mretrade wrote:Seattle did not expose Kaepernick at all. If they did don't you think opponents would of learned by it already and not be loosing to him in the playoffs.
Seattle won not so much for their play on Kaepernick but for their play against the 49ers defense. Kaepernick played average but was not the reason for loosing this game at all. The 49ers defense was gassed at the end of the year with out their most valuable defensive player coming off a big emotional win in New England the following week. First play of the game on offense, Seattle ran right at Justin Smith's replacement, Ricky Jean Francios, and Marshawn Lynch ran for a touchdown pretty much untouch. Looking back at that game, considering Seattle's home field advantage, the way the defense played, Kaepernick played average.
Tom Brady 36-58 395 Yards 2 touchdowns 2 Interceptions @ Seattle
Tony Romo 23-40 251 Yards 1 Touchdown 1 Interception @ Seattle
Aaron Rodgers 26-39 223 Yards 0 Touchdowns 0 Interceptions @ Seattle
Colin Kaepernick 19-36 244 Yards 1 Touchdown 1 Interception @ Seattle
Did you guys expose Romo, Rodgers, and Brady, and once teams learn from it in the offseason those players won't be any good either?
Give Seattle credit. They blasted the 49ers defense that night and that night the 49ers defense sucked. Seattle is almost unbeatable in the Clink. They have a good defense that becomes very good at home. Kaepernick played fine that night, nothing special but exposed he was not.
Maybe you didn't watch the game, but Kaepernick was incredibly uncomfortable. It was also by far his worst stat line of the season. Kaepernick still needs an eternity to check his 2nd read, and Seattle exploited that by pressuring him and then anticipating his escape route. The result was just 4.4 YPC on a ton of aborted passes. Even Kaepernick's 1 TD pass (in garbage time) looked like it would have been overturned had the officials given a shit at that point. Kaepernick looked like a broken man in his postgame presser.
I'm not disrespecting Kaepernick. He's a talented player who will probably continue to get better. But he does currently have obvious weaknesses and in that game Seattle exposed them. You are a blind homer if you can't see that. Or maybe you do know it and just want to be a curmudgeon.
As far as the other QBs- Brady actually ripped us to shreds that game, we were very lucky to win. Romo was better than his stat line, which was still decent. Rodgers- yeah Rodgers kind of got his ass kicked by our defense- fair point. He had to revert to captain checkdown to find any effectiveness. I don't think we really exposed Rodgers though- I just think his O-line had a horrific night.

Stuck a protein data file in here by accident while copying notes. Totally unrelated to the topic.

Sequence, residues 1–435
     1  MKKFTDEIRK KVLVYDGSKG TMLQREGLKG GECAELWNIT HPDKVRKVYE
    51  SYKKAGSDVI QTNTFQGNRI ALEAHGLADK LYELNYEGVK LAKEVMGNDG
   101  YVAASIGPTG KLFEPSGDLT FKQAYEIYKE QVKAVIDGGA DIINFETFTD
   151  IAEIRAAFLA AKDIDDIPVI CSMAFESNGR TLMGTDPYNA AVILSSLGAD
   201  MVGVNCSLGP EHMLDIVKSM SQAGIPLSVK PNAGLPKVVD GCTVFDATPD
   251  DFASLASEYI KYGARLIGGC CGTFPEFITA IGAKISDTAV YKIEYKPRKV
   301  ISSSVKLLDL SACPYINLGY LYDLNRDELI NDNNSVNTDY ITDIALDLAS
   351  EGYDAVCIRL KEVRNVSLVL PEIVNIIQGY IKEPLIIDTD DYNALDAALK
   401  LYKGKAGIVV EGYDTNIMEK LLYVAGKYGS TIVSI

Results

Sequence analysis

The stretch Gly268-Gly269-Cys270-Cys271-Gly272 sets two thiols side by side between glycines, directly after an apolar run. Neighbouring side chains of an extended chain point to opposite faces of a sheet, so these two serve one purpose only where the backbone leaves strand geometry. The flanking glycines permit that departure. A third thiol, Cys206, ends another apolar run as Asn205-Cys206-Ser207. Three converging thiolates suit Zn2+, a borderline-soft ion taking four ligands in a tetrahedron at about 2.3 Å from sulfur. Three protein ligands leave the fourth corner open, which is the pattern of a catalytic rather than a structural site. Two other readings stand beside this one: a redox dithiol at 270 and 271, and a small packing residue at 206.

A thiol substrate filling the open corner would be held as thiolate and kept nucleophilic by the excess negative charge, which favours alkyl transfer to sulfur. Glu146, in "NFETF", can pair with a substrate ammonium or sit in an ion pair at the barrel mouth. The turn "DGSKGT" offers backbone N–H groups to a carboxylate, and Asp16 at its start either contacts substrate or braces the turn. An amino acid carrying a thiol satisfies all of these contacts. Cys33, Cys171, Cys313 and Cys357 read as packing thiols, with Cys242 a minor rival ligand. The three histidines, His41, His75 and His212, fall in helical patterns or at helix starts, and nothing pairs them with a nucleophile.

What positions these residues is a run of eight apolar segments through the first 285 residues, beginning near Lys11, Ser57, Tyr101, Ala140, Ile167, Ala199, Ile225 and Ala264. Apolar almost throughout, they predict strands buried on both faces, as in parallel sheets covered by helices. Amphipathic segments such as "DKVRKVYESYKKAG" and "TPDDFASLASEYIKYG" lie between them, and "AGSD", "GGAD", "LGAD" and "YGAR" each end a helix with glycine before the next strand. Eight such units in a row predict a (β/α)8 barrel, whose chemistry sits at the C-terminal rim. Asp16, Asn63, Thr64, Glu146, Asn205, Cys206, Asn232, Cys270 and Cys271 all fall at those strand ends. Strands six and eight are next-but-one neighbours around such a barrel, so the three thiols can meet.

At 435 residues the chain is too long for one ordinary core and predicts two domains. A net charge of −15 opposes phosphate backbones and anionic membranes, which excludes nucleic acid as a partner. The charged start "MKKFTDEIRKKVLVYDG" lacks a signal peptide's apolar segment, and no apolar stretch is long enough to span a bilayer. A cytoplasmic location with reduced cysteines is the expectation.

"Looking uncomfortable" is not exposing him. Every... EVERY quarterback has a bad game occasionally. Your supposition about Kaepernick taking a long time to go to his second read is false. The Seattle game is the ONLY one that he has had trouble at that. Oh, and that game was his SIXTH start...
The reasons Kaepernick looked bad against Seattle are the following:
1. Kaepernick hadn't even had more than FIVE starts before being thrown to the wolves that are Seattle's defenders.
2. You seem to be vastly underestimating your home field advantage, particularly against an inexperienced quarterback.
3. Seattle was highly motivated after what, five defeats to the 49ers in a row? Meanwhile the 49ers were still in a funk over the Patriots game.
4. Seattle has a great defense. Sometimes defenses shut down quarterbacks. Did Peyton Manning's 5 interception games show that he was "exposed?"
The fact is, Kaepernick was merely overwhelmed by inexperience and crowd noise and the intensity that the Seahawks brought to the game. He wasn't "exposed," in fact, that game MADE HIM BETTER at all facets of playing quarterback, particularly game management and getting the play called quickly to get to the line of scrimmage with plenty of time to adjust.
RiggoReincarnated wrote:Yes - because he was a nothing until Harbaugh copied the Redskins Pistol offense for him.
So his outstanding regular season numbers when the 49ers barely ran the Pistol offense was "nothing?"
(in the two games against Green Bay and Atlanta they ran the Pistol almost as much as they had the entire regular season)
http://www.nbcbayarea.com/news/local/Mo ... 27221.html
According to an interesting, detailed breakdown of the San Francisco offense by NFL.com analyst Bucky Brooks this week, the Niners became a dramatically different offensive team in the playoffs than they were during the regular season.
“The fact that the team has used the Pistol on 49.2 percent of its offensive plays in the playoffs – after employing the formation on just 70 of 969 offensive plays in the regular season – reflects Jim Harbaugh’s willingness to continually adapt his offensive philosophy while making a Super Bowl run,” wrote Brooks.